Microsoft changed the location of ADSync encryption keys in Azure AD Connect version 1.4.x. These keys are used to encrypt and decrypt the passwords of “service accounts” used for syncing data from AD to Azure AD. Earlier versions saved the keys in the registry, but currently, it is using DPAPI. Thus, AADInternals couldn’t decrypt the passwords anymore. Luckily, Dirk-jan Mollema described in his great article how the encryption keys could be extracted and used to decrypt the passwords. Using Dirk-jan’s article as a starting point, I decided to implement this to AADInternals.
In my earlier blog, I explained how Azure AD identity federation works under-the-hood. In this post, I’ll be doing the same with Azure AD pass-through authentication (PTA).
Microsoft has published a PowerShell module for their partners to ease and automate operations with their customers. This module is (quite intuitively) called Partner Center. While the module does well what it’s meant to do, it also tells Microsoft what the partners are doing.
On October 25th, I’ll be talking at t2.fi infosec conference in Helsinki. In this blog, I’ll tell what to expect in my Abusing Azure Active Directory: Who would you like to be today? presentation.
In 2017, Oliver Morton introduced a feature he found in Office 365 Active Sync, allowing enumerating the existence of the users based on http status codes. (Update: The “feature” was fixed by Microsoft on mid November 2019). In this blog, I’ll introduce my similar findings on using Microsoft API to enumerate users when Seamless SSO is enabled in Azure AD tenant.
I was honoured to hear that I was accepted to present my AADInternals toolkit at the most respected information security event in the world: Black Hat USA 2019. This is clearly one of my greatest professional achievements so far! In this blog, I’ll briefly introduce what to expect in my demo at Black Hat Arsenal.
Identity federation is regarded as the most secure way to authenticate users to Azure AD. In this blog, I’ll deep-dive to identity federation implementation of Azure AD and point out some serious security issues.
Microsoft (finally!) announced in April 2019 the support for 8-256 character passwords in Azure AD/Office 365. This limit does not apply to users whose passwords are synced from the on-prem Active Directory (or for federated users). In this blog, I tell how to set insanely long passwords (64K+) also for cloud-only users!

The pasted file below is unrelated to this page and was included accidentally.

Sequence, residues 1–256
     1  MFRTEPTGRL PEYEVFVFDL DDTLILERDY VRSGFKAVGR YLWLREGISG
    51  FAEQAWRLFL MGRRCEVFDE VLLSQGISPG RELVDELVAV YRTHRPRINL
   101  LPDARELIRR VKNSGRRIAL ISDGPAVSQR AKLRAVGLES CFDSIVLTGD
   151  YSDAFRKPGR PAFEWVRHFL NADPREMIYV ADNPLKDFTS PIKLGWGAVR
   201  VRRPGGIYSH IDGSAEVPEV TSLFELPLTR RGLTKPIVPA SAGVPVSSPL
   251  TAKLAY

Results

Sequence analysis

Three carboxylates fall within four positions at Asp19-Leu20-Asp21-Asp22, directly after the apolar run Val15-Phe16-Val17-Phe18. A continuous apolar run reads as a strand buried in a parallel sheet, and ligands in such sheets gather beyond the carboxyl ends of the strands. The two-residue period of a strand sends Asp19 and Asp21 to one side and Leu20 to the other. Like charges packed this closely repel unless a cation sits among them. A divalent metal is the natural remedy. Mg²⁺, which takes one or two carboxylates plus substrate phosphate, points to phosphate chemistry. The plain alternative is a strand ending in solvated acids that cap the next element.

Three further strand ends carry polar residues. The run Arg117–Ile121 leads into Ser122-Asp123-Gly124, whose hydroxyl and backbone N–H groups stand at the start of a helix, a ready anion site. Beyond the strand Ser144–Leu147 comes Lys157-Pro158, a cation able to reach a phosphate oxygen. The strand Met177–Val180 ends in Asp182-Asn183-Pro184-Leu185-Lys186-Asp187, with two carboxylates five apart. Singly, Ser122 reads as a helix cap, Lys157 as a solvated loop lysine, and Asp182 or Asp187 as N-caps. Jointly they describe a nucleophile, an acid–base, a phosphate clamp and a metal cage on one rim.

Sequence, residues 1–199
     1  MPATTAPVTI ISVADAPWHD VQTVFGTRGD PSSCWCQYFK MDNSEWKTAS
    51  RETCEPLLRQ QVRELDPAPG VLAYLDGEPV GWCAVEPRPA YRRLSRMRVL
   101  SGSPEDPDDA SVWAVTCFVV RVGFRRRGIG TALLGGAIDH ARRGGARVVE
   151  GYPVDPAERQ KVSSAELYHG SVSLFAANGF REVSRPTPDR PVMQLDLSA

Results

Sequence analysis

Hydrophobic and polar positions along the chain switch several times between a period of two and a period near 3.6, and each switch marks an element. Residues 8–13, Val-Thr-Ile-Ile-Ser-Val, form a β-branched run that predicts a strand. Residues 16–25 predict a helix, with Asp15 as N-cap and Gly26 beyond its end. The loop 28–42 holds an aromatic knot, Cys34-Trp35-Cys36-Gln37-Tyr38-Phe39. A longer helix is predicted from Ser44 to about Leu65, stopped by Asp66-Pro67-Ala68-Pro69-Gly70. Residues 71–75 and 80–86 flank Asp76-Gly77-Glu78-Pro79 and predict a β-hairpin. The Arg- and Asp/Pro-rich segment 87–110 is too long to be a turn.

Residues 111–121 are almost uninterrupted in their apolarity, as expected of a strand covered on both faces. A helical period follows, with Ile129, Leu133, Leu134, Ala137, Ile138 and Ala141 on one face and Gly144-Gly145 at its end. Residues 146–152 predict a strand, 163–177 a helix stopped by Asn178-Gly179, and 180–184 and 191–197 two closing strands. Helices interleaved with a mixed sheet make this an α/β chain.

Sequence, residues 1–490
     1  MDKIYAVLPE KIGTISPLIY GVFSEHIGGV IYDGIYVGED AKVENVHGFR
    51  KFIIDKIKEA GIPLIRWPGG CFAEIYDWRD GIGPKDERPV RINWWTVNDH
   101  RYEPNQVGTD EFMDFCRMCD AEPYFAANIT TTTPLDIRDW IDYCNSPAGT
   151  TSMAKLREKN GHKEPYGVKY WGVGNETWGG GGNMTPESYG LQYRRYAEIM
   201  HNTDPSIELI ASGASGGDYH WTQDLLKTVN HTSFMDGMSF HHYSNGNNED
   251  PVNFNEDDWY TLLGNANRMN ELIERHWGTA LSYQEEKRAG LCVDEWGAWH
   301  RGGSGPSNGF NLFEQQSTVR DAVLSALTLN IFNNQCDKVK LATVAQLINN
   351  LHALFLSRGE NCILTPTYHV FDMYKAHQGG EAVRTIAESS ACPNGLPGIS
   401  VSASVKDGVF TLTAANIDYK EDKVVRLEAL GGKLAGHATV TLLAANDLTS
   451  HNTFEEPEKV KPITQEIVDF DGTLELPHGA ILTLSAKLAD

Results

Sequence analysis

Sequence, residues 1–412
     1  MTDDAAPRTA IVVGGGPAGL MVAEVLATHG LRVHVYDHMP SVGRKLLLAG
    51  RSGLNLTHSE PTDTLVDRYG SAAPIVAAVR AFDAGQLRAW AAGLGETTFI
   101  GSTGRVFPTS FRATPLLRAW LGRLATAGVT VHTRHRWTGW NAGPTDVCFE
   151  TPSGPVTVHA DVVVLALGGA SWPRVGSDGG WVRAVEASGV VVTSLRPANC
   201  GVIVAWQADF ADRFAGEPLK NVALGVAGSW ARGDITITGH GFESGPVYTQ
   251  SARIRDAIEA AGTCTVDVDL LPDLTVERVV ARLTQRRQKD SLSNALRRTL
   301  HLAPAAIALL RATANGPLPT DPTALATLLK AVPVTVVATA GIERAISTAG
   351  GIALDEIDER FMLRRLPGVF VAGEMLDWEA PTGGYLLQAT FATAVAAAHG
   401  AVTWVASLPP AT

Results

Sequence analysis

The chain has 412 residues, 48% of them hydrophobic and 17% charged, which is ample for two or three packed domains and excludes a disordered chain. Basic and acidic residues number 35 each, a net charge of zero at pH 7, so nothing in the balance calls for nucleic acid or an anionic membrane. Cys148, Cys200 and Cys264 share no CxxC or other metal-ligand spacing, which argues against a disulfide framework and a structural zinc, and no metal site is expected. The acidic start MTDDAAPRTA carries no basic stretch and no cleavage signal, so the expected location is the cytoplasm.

On November 2018 Azure AD MFA was down over 12 hours preventing users from logging in to Office 365. Same happened in October 2019 in US data centers. As MFA is usually mandatory for administrators by company policy, they couldn’t log in either. In this blog, I’ll show how to create a backdoor to Azure AD so you can log in and bypass MFA.
For the last couple months I’ve used most of my free time on studying and hacking Azure AD admin APIs. As a result, I’m finally publishing the first (beta) version of the AADInternals PowerShell module.
By default, any user of Office 365 or Azure AD tenant can read the content of Azure AD using PowerShell and Graph API Explorer. This is a serious security issue because users have undetectable access to other users’ personal data, which violates for instance GDPR. In this blog, I’ll tell how to prevent the access.
Microsoft Teams has been available for free since July 2018. In this blog, I’ll deep dive to its technical details.
I’ve recently noticed that many organisations moving to Office 365 are struggling with their current on-premises non-routable UPNs. In this blog, I’ll show how to use Office 365 without altering on-premises UPNs.
In June 2018 the existence of secret Office 365 forensics tool was confirmed. The tool refers to Microsoft’s undocumented Exchange Online Activities API. The API provides access to a granular mail activity events for up to six months old data!
To provide administrators with easy access to the API, I created a PowerShell module (EXOMailActivity). In this blog, I’ll show you how to use the module to get access to mail activity data.
Office 365 groups is a great way to promote collaboration between people inside and outside organisations. By default, users are able to create groups freely, making their use easy. However, in many organisations, this has led to chaos.
In this blog, I show how you can get back the control of Office 365 groups, Teams and Planner.
Have you ever faced a situation, where a user takes a longer than 30-day leave, and you would like to save money spent on Office 365 licenses but still preserve user’s mailbox?
In this blog, I tell you how!
It still surprises me how few know that Office 365 includes a full-fledged email encryption solution, Office Message Encryption (OME). A “new OME”, built on top of Azure Information Protection, has been available for some time now. In this blog, I’ll tell you how to setup and customise the new OME.
In short, no it’s not. In this blog, I’ll tell you three reasons why.